TW: This article mentions themes of harassment and the occurrence of sexual assault and abuse.
We acknowledge that gender-based discrimination and violence can occur against all genders. However, this article will be focusing on gender-based discrimination and violence carried out against women.
A couple of weeks ago, a class discussion on advertisement analysis for our freshman ‘Media and Society’ course turned into a controversial debate when feminism came up. We were analyzing a sugar-free advertisement for Chupa Chups lollipops which showed ants encircling around an unwrapped lollipop. This stimulated a heated response in class regarding the common use of insects and lollipops as a metaphor to gaslight survivors of assault. The metaphor likens women to lollipops and men to insects, claiming that lollipops invite insects unless properly wrapped. The appropriate wrapping varies according to cultural norms, religious affiliations, and the prevalence of patriarchy, but the metaphor is universal.
During the discussion, someone mentioned that the only good thing about the advertisement was that men were being likened to insects. This comment offended many boys in our class, and understandably so. It is an absurd analogy that is dehumanizing for both men and women.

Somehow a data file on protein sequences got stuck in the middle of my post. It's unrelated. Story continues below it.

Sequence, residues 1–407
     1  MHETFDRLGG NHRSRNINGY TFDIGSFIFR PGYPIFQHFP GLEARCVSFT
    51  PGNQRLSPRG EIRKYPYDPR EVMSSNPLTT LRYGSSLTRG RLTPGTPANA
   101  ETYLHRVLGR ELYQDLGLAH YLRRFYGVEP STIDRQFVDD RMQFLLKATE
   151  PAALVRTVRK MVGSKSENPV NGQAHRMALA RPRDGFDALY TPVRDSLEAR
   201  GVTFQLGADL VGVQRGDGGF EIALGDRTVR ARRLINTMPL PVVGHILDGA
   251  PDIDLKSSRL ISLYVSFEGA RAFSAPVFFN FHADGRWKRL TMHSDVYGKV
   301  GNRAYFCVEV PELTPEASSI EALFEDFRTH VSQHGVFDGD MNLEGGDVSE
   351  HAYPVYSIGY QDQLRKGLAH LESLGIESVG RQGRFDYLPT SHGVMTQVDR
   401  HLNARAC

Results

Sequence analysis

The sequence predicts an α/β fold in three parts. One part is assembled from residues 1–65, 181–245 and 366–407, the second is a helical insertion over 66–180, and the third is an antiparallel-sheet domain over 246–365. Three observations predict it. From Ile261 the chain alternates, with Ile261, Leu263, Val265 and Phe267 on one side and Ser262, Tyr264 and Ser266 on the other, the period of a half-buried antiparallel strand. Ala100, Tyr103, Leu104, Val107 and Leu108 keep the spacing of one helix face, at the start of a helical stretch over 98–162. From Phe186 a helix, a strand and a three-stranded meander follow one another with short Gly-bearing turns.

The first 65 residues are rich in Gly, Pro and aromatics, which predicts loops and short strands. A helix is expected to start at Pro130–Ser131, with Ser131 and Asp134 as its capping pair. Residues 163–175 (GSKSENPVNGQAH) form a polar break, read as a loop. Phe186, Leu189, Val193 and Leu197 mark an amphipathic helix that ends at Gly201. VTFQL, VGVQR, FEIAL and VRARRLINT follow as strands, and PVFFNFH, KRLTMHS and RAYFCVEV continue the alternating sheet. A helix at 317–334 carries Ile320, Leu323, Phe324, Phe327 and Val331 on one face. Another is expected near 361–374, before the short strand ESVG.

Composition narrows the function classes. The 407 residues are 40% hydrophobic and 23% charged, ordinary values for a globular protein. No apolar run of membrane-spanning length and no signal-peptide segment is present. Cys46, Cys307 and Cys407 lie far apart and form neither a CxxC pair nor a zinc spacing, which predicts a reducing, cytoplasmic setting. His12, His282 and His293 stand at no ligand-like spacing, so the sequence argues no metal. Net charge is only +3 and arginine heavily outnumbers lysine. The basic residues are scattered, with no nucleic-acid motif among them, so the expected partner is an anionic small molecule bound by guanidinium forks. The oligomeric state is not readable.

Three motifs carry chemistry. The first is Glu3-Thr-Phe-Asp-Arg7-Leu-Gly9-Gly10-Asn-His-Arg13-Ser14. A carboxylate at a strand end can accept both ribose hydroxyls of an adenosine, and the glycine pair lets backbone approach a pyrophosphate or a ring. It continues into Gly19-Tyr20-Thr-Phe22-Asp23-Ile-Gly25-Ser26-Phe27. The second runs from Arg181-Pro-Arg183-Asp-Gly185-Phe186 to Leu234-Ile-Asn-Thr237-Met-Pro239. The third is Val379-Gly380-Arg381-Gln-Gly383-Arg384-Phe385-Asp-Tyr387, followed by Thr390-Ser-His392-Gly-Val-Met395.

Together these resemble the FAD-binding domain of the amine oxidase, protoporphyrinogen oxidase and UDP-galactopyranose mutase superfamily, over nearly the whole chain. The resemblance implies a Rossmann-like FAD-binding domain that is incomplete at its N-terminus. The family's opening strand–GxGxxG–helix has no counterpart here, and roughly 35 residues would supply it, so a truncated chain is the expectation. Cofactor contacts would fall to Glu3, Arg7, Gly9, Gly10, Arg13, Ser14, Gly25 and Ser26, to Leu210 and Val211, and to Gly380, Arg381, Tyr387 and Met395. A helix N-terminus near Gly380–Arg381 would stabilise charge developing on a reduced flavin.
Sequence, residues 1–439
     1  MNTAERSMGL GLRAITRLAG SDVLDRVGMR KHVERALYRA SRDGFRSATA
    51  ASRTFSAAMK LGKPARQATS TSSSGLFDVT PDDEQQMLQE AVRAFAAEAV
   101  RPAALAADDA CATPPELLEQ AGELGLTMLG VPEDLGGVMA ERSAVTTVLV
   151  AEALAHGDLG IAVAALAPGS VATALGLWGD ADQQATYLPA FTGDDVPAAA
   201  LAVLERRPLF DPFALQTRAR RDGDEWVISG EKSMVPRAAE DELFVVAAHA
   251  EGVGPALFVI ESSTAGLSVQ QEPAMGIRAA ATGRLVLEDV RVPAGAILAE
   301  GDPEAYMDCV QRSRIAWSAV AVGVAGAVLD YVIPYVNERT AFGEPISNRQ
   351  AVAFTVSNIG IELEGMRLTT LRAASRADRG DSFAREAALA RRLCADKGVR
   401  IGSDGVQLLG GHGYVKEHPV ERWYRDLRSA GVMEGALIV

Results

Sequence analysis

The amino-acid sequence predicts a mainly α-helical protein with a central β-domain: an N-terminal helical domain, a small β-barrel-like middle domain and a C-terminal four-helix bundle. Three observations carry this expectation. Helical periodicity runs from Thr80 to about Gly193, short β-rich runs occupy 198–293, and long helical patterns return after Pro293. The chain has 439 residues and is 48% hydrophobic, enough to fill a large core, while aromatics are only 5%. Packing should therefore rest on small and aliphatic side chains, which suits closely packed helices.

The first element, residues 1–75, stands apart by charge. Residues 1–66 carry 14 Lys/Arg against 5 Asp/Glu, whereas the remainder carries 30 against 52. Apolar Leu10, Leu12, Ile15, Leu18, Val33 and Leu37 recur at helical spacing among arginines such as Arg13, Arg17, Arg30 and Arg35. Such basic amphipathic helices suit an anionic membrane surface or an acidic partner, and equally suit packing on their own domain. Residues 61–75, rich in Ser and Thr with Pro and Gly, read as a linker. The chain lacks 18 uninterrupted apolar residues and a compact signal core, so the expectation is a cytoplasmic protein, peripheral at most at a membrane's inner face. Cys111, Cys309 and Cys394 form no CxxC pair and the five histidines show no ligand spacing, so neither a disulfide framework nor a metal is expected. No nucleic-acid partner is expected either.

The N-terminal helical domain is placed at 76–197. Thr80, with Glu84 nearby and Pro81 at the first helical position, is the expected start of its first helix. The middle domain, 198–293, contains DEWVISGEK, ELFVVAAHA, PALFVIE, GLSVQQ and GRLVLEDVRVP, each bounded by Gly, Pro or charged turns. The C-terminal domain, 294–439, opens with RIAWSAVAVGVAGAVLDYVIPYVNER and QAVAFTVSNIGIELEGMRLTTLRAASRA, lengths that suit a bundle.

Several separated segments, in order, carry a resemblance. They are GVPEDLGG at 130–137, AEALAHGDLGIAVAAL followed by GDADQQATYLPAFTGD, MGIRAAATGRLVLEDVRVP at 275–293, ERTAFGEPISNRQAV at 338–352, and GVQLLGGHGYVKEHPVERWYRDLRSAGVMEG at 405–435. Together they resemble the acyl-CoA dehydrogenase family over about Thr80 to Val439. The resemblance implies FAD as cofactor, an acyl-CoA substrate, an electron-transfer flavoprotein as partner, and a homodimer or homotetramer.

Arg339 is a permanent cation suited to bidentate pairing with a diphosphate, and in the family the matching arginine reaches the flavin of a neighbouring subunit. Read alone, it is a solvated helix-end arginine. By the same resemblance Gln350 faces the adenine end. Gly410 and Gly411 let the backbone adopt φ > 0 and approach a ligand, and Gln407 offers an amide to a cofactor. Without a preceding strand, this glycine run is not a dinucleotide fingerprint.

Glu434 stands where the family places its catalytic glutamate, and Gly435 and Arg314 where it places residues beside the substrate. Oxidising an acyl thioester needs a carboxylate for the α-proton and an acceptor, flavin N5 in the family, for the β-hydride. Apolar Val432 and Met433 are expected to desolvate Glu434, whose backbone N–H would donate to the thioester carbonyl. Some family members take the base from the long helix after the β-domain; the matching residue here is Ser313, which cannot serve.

Of course, men aren’t ants, but neither are women lollipops.
Although the class debate ended when our professor concluded how advertisements are subjective to different cultures and mindsets, the incident was later actively discussed by our batch. The narrative soon shifted from ‘men being called insects’ to ‘all men being labeled as insects,’ which many boys in our class refuted with a phrase we often hear: not all men.
The hashtag #NotAllMen started as a rebuttal to the generalization of men as sex offenders. Now, it’s been reclaimed by feminists as an Internet meme [as pictured above]. Additionally, it has also initiated a counter-rebuttal manifested in the hashtag #YesAllWomen. The hashtag is used by women to share their frequent experiences of harassment, discrimination and sexual violence.
However, despite the popularity of these expressions on Twitter and the recent discourse on these issues, most people—men and women included—are still unable to understand the essence of this conversation. . Perhaps this is because any type of feminist discourse is considered synonymous to man-hating.
Debunking Not All Men